Comparison of the Tamsulosin and Tolterodine Effectiveness in Stent-Related Symptoms Reduction

Document Type : Original Article

Authors

1 Urology Research Center, Tehran University of Medical Sciences, Tehran, Iran

2 Urology Research Center, Sina Hospital, Tehran University of Medical Sciences, Tehran, Iran

3 Urology and Nephrology Research Center, Shaheed Beheshti University of Medical Sciences Tehran, Iran

10.22034/tru.2021.256708.1042

Abstract

Introduction
To compare the effectiveness of tamsulosin and Tolterodine in reducing stent-related symptoms with each other and with the control group we performed this randomized clinical trial.
Methods
150 patients after successful first-time transurethral lithotripsy (TUL) for unilateral ureteral stones were elected for the study 17 patients were excluded in the first allocation. Other patients were randomized (With balanced blocked randomization) into three groups. In group 1, 41 patients received Tamsulosin (Omnic) 0.4mg once a day for a month and in group 2, 42 patients received tolterodine (Detrusitol) 2mg once a day for a month. In group 3, which was our control group, 50 patients received a placebo once a day for a month. Clinical stent-related symptoms questionnaires at the first visit (day 10) and before removing themes stent were completed. Two urine tests and an x-ray of the abdomen in the first visit have been performed.
Results
Despite the remarkable decrease in the severity of stent-related symptoms other than urine urgency in the control group  (p-value<0.05), solitary use of neither tamsulosin nor tolterodine was superior to the control group, and also, they were not superior to each other with respect to improving double-J stent-related symptoms (p-value>0.05).
Conclusion
The results of our study show that administration of tolterodine and tamsulosin to reduce stent-related symptoms do not have superiority to each other and the control group.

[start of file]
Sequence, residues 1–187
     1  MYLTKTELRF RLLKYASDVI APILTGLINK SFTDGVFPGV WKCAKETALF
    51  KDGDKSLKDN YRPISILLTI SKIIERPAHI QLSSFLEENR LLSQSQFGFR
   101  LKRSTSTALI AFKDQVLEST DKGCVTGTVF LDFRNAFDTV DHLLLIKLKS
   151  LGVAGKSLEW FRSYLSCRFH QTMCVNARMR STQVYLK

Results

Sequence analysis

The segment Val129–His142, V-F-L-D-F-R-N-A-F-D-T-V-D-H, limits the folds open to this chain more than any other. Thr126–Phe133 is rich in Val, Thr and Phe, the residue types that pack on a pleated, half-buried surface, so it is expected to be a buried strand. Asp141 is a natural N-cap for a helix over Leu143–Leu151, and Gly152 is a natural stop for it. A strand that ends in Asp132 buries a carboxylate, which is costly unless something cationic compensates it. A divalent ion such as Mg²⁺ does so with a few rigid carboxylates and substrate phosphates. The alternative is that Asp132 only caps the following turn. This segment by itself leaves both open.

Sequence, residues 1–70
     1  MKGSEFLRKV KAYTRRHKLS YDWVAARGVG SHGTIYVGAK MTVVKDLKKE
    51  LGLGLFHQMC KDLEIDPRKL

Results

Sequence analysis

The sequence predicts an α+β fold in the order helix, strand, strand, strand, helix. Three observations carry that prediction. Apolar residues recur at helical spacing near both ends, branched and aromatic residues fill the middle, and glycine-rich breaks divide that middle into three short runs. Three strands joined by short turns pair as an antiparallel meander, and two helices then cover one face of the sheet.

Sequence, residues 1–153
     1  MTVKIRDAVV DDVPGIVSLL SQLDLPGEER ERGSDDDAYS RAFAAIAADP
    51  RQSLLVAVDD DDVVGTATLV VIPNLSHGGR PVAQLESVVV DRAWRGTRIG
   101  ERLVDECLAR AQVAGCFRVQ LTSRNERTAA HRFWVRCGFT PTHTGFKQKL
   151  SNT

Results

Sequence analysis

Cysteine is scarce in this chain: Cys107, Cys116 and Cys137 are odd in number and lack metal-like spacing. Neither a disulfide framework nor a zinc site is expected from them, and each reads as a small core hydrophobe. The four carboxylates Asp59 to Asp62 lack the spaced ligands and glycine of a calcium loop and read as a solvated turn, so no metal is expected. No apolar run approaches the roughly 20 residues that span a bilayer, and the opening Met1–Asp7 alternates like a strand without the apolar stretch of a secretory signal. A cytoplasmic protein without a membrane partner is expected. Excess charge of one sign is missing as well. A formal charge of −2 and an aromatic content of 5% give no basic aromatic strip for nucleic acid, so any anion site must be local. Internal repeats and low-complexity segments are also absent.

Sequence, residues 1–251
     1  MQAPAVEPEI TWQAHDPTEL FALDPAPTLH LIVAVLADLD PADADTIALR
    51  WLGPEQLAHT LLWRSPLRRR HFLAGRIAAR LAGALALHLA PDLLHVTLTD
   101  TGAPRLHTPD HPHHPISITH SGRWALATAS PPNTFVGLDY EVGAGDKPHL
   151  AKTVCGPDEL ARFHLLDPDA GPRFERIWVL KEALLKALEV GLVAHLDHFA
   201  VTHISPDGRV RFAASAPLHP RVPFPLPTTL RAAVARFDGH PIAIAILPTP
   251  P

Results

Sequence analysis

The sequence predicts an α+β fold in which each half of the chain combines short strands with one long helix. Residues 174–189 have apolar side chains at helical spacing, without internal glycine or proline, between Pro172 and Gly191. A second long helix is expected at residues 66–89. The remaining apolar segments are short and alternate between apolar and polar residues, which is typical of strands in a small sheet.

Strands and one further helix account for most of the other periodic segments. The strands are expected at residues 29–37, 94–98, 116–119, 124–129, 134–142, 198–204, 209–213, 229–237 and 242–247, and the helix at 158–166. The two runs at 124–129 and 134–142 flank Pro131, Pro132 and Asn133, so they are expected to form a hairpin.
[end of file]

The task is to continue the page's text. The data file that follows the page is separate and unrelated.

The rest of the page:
Highlights

  • A combination of Tamsulosin and Tolterodine could significantly reduce all stent-related symptoms except urgency.
  • Solitary use of neither Tamsulosin nor Tolterodine was superior to the control group.

Keywords

Main Subjects


Introduction

The indications of inserting double-J stents through cystoscopy have been expanded in the last decade and they play a mandatory role in a wide spectrum of situations that cause urinary obstruction (1, 2). In these situations, double-J stents provide drainage for urine to flow into the bladder properly, and hence, the risk of kidney damage would be minimized. In addition to kidney damage, urinary extravasation (that is prevalent following surgery and trauma) will be hampered by using these stents (3). Even though the insertion of double-J stents is of proven value in managing several urological problems, they are accompanied by some complications including, but not limited to, urinary infection, pain, discomfort,  lower urinary tract symptoms (LUTS) (4, 5). The complications of double-J stents, which impact patients’ quality of life and sexual function, have been the subject of several recent studies (6).

Although the mechanisms behind stent-related symptoms are still under debate, the spasm of the lower ureter and irritation of the trigon by the stent are the possible explanations for the pain and LUTS. Therefore, it was hypothesized that anticholinergics, analgesics, oral alpha-1 antagonists can be utilized to reduce the severity of pain and LUTS (7, 8). Among mentioned drugs, more promising outcomes have been reported when alpha-1 antagonists’ drugs were applied. Tamsulosin is one of the most popular alpha1 antagonists. It affects the D subtype of alpha-1 receptors, which makes it more specific with the least side effects. Tolterodine is one of the specific anticholinergic medications. This drug has more effect on the bladder than salivary glands. So it had fewer side effects than older drugs such as oxybutynin (4, 9).

We designed a prospective study to compare the effect of Tolterodine and Tamsulosin with each other and the control group on six frequent stent-related symptoms in patients who received double-J stents after undergone transurethral lithotripsy (TUL) surgery.